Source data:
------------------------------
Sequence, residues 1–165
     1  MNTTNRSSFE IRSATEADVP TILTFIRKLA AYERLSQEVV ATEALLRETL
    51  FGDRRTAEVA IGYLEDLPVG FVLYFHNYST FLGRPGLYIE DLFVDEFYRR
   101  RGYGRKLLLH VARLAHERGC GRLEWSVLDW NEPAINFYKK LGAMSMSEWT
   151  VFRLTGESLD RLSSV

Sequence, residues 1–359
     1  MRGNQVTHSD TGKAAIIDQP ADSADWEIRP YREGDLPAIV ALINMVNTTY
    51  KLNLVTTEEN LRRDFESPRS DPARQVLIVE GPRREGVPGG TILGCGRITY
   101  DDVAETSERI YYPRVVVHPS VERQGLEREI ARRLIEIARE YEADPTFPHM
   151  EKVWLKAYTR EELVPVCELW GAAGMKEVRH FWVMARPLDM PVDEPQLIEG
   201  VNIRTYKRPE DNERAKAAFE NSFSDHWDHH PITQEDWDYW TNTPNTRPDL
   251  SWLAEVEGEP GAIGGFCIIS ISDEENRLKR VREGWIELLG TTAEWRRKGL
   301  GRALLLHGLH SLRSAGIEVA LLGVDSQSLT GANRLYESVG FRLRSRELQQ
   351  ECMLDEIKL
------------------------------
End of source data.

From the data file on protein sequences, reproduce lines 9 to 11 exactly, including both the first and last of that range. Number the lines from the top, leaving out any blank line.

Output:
   101  DDVAETSERI YYPRVVVHPS VERQGLEREI ARRLIEIARE YEADPTFPHM
   151  EKVWLKAYTR EELVPVCELW GAAGMKEVRH FWVMARPLDM PVDEPQLIEG
   201  VNIRTYKRPE DNERAKAAFE NSFSDHWDHH PITQEDWDYW TNTPNTRPDL